The Guggenheim Is Going Global. Kind Of.
Credit Agaton strom for The New York Time
Last spring, the Guggenheim’s board of trustees abruptly severed contact with the Gulf Labor Coalition, an international watchdog group monitoring the living and working conditions of migrant laborers in Abu Dhabi, capital of the United Arab Emirates, where the Guggenheim Foundation is building a new Frank Gehry-designed museum. The move, and the protests that followed, happened to coincide with the third and last of the museum’s UBS Map Global Art Initiative group exhibitions in New York, this one called “But a Storm Is Blowing From Paradise: Contemporary Art of the Middle East and North Africa.”
Ten of the 20 participating artists promptly issued a statement disapproving of the action taken by their host institution. But the show itself, like its two predecessors one a sampling of new art from South and Southeast Asia, the other from Latin America already existed under something of a political cloud.
Sponsored by the Swiss wealth-management company UBS, the exhibitions have been promoted as significant expansions of the museum’s non-Western collection base, though that growth comes across as limited and halfhearted. One-off events covering huge geocultural swaths, the shows have been assembled by short-term curators who chose mainly market-vetted work. As a project, the initiative has felt inorganic, even opportunistic, a packaged way for a lagging-behind museum to become “global” fast.
At the same time, there is “a damned if you do, damned if you don’t” dimension. Obviously, it’s better for the Guggenheim to diversify its holdings, however it does that. And while the exhibitions themselves haven’t been sparklers, excellent artists and works have come in through them. The current show, organized by the British curator Sara Raza, is more of a piece than its predecessors, though in ways that don’t shine through right away. At first glance, a lot of it feels blandly quasi-Minimalist, an impression reinforced by Ms. Raza’s stated premise that the exercise of logic, as embodied in geometry, is meant to bind the work.
This is a tricky proposition. Logic has a positive ring in a Western context, where it is often assumed to be a measure of cultural superiority, one that’s not shared by less developed parts of the world and is imposed, improvingly, by colonialism. It takes some concentration to see that, as represented in this show, logic is an unstable force: interrupted, breaking down, confused.
The Lebanese artist Ali Cherri marks aerial view prints of his home city, Beirut, not with locations of monuments but with sites of random earthquakes. In photographs and a video, Ahmed Mater, who is based in Jeddah, Saudi Arabia, surveys the holy city of Mecca from a similar angel’s-eye height, though there’s nothing celestial about the perspective. His tilting, vertiginous pictures are taken from the cockpit of an army helicopter hunting alien visitors to the city.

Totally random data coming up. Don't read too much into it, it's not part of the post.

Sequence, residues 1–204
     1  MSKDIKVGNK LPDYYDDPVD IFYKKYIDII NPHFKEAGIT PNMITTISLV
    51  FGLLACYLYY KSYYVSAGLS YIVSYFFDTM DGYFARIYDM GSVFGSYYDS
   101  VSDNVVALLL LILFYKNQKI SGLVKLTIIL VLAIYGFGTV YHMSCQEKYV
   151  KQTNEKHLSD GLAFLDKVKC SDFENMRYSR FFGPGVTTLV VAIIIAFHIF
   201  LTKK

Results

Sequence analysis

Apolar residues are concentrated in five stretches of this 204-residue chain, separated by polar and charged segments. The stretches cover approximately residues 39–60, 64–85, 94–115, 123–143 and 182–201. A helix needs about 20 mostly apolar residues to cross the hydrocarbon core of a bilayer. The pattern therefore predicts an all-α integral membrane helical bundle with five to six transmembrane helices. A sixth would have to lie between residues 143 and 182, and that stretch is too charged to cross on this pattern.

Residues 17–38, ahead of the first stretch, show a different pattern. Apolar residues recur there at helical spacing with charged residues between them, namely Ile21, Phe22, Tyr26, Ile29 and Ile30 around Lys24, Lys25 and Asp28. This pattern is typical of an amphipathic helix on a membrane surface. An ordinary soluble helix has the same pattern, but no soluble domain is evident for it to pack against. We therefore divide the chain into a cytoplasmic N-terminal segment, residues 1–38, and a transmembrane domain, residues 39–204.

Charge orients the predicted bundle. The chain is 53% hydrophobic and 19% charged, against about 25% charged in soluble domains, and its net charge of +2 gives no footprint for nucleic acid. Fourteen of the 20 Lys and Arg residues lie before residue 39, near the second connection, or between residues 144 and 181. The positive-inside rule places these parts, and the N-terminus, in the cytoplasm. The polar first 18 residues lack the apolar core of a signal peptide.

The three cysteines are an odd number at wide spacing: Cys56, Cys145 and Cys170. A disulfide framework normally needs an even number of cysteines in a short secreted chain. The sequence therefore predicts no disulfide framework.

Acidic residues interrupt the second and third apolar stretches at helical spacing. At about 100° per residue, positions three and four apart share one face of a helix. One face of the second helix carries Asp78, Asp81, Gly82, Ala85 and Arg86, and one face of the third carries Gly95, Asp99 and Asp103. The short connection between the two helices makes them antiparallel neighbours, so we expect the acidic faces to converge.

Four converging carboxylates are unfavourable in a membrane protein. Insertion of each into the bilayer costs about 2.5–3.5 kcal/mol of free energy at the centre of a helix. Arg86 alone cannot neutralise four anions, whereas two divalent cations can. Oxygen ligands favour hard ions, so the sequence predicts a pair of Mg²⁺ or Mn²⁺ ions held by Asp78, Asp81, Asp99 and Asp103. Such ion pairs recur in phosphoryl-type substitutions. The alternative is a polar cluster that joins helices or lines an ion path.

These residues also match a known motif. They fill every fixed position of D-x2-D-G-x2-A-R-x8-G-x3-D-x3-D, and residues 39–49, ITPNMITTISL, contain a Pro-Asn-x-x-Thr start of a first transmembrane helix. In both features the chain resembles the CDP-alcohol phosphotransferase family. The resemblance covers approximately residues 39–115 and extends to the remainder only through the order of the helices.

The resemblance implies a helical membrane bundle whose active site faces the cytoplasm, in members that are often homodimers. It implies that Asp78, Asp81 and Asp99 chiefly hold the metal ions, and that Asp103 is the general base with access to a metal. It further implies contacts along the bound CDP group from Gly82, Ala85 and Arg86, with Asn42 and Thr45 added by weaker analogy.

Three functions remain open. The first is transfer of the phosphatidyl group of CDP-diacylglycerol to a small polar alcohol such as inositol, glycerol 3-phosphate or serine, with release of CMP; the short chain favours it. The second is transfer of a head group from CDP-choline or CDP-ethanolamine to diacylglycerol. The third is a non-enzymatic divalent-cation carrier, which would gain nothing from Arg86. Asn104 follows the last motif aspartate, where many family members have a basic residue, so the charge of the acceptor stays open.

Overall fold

Susan Hefuna, who works in Cairo, New York and Düsseldorf, draws linear maps of Manhattan’s gridded streets on tracing paper, then layers the drawings to produce wobbly, unraveling webs. Ala Younis, born in 1974 in Kuwait City, documents a project, based on utopian rationality, that barely got off the ground. In her installation “Plan for Greater Baghdad,” she illustrates in a timeline how the efforts of three Western starchitects Walter Gropius, Frank Lloyd Wright and Le Corbusier to create a modern dream city in Iraq foundered on the vagaries of ego and politics.
Credit Agaton Strom for The New York Times
And, in one of the show’s largest pieces, Kader Attia constructs a rangy model of the Algerian desert city of Ghardaia, notable for geometric packed-earth buildings that have earned it a Unesco World Heritage designation. Simone de Beauvoir once likened the place to “a Cubist painting beautifully constructed,” though few cross-cultural comparisons have gone in the other direction. French architects like Le Corbusier and Fernand Pouillon owed a profound debt to Ghardaia design, but didn’t acknowledge it. (Le Corbusier went out of his way to hide the connection.) Mr. Attia’s sculpture is very much about the West’s devouring of non-Western sources: It is molded entirely from couscous.